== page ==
What Is the Concept of Educational Technology?
Educational technology is all of the systems, materials, and technology that an institution and its staff use to facilitate learning after having understood the principles of how learning best takes place. As such, the learning materials or technology chosen are designed and used with prior understanding of the techniques that they will be employed for, so as to ensure effective learning ensues. Institutions have support networks, systems and procedures in place to properly assist the learning process. All must be done in an ethical way.
What Are the Theories Behind Educational Technology?
Effective Use of Materials
Let’s start with Hayden Smith and Thomas Nagel. They said that there isn’t much point in having materials if they’re not used effectively. That’s true.
Just today I observed a primary 1 teacher using a video clip with music and a song. She didn’t let the students sing; when they did, she told them to stop. She played the clip to fill time. She wasn’t properly prepared (what Hayden and Thomas seemed to call “running out of gas”). If she was, she’d know that singing along to music is a pretty positive learning experience for young students. Later, due to lack of planning, she just let them dance. The original video clip could have been utilized so much better—the teacher could have “followed up” in creative ways with a bit of planning.
Conditions of Learning
Next up is Robert Gagne. This guy was training pilots during WWII and he did some studies about what he called "Conditions of Learning". He basically said that there are different levels of learning and they need to be taught in different ways. Also, he said that you’ve got to start at the bottom of the ladder and learn lower-order skills before you can progress upward because the higher learning is based on what was learned in the lower reaches. He suggests that lower order refers to responding to stimuli—like telling a dog to sit—going up to skills like concept understanding and problem solving.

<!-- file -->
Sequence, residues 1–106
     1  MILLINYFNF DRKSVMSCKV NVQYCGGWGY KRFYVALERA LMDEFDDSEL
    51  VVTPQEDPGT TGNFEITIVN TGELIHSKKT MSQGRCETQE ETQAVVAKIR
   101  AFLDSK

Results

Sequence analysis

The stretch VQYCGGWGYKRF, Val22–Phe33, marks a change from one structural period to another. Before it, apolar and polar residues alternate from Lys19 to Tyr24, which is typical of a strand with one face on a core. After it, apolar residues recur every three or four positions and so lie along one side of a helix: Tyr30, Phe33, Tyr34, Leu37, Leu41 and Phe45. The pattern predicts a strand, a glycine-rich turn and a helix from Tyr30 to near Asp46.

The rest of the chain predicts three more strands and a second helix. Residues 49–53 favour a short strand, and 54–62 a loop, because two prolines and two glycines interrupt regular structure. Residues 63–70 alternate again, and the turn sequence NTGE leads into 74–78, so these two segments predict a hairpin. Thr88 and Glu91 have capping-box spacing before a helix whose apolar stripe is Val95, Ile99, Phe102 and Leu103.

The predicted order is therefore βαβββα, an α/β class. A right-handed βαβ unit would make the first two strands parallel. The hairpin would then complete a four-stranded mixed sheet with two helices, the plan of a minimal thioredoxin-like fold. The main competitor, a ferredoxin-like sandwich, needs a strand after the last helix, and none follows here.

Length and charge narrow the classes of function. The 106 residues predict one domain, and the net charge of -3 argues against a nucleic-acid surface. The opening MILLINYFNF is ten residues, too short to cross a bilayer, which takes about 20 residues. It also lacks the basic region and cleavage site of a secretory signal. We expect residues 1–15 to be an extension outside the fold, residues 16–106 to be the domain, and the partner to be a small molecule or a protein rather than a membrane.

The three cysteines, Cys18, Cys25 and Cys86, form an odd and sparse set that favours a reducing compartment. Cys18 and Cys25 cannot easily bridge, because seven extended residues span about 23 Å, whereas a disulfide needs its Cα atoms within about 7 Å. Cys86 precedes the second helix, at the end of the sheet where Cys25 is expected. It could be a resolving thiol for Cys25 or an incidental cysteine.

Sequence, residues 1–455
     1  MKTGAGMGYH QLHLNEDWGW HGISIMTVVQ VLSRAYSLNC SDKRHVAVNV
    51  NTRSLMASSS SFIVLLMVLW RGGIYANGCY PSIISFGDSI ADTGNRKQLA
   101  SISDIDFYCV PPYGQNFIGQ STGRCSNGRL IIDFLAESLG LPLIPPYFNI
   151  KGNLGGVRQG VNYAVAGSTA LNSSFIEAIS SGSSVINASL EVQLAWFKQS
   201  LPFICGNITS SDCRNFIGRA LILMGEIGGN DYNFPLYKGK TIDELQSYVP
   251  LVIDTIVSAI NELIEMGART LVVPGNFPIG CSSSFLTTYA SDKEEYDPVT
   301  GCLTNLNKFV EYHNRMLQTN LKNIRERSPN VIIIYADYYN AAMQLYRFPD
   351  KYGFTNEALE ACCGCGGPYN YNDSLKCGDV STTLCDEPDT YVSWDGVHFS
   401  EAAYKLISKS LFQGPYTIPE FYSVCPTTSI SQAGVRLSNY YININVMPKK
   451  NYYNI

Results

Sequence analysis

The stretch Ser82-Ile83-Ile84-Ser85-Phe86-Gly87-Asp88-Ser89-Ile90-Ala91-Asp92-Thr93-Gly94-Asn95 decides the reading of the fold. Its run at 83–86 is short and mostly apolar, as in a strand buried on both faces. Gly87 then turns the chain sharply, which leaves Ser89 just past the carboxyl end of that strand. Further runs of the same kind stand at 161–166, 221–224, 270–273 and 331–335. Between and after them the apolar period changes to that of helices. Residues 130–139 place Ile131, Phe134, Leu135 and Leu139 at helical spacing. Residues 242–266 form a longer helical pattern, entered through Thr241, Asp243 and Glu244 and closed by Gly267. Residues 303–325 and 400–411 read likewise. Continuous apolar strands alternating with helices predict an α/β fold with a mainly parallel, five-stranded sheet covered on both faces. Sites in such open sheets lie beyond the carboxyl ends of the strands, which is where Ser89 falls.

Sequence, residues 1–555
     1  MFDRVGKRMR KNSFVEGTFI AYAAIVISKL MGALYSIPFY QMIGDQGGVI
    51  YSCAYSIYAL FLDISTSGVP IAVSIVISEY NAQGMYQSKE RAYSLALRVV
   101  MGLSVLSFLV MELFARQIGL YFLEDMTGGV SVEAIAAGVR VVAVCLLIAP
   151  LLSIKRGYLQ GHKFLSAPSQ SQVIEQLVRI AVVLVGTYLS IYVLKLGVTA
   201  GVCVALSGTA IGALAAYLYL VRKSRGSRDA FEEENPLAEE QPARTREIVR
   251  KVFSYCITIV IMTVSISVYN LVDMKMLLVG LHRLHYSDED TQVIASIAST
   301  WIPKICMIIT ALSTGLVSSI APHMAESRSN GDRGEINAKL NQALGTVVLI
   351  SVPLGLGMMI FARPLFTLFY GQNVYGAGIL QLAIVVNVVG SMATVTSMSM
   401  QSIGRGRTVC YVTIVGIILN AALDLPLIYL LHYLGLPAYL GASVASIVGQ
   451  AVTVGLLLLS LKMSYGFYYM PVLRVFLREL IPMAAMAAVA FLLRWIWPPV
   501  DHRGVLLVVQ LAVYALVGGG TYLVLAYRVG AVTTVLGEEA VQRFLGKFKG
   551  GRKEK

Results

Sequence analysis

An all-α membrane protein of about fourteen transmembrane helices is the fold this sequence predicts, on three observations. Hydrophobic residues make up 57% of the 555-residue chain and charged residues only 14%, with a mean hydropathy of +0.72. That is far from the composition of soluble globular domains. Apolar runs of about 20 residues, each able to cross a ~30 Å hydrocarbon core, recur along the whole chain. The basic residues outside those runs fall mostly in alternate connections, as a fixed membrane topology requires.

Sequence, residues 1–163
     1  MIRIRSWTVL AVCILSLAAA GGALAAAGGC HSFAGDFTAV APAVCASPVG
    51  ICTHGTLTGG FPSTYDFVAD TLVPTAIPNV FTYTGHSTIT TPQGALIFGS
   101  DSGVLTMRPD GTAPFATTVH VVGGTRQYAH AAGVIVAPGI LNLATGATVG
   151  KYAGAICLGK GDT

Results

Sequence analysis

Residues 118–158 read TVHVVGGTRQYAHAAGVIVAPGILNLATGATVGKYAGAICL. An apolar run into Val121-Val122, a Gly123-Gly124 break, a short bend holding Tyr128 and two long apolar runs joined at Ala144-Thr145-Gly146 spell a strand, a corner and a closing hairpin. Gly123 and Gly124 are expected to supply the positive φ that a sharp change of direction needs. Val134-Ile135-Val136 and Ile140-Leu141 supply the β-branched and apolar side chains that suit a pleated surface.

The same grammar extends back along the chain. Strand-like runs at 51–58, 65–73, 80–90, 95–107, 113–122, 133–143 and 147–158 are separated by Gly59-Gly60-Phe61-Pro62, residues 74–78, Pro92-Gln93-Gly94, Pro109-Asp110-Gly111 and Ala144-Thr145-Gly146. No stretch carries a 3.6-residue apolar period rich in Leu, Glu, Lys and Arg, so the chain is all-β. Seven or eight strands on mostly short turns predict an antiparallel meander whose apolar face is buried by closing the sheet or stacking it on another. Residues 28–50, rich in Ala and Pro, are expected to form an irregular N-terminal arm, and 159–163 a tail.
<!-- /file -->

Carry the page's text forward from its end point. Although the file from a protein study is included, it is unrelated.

I think his theory is over complicated, but may hold true (sometimes, but not always). I can tell my dog to sit and she will sit (depending on her mood). I can also seal an empty plastic water bottle with dog treats inside and she’ll solve this problem by biting, kicking, and turning the bottle until all the treats fall out—high-order skills that I didn’t teach her to do; she learned from experience and experiment.
Cone of Experience
Thirdly is Edgar Dale’s cone of experience, which makes more sense to me than Robert Gagne’s ramblings. I remember that Dale was just providing a concept rather than research-based models—his principles seem sound to me in that people will learn best from having the experience of actually doing something (or close to, contrived situations). This is true for me. If there’s something new I want to learn, I’ll go away and read about it, take the best of what a few people (who’ve actually done it) said, and then go away myself and try to put their tips into action—by attempting to do what they suggest (or as near as based on my own personal circumstances allow).
Lastly, David H. Jonassen basically said it was about identifying what the difficulties or intrinsic characteristics of knowledge acquisition are and then solving these problems by designing environments that will facilitate the solution (learning). In a nutshell, find out how people learn—know this and then you can design effective teaching.
Jonassen was a constructivist. He believed that learning was shaped by how we assign meaning by exploring possibilities and viewing things from different perspectives. This reasoning draws from psychological theory that traces our construction of knowledge to the interlacing of content, situation and meaning in our minds.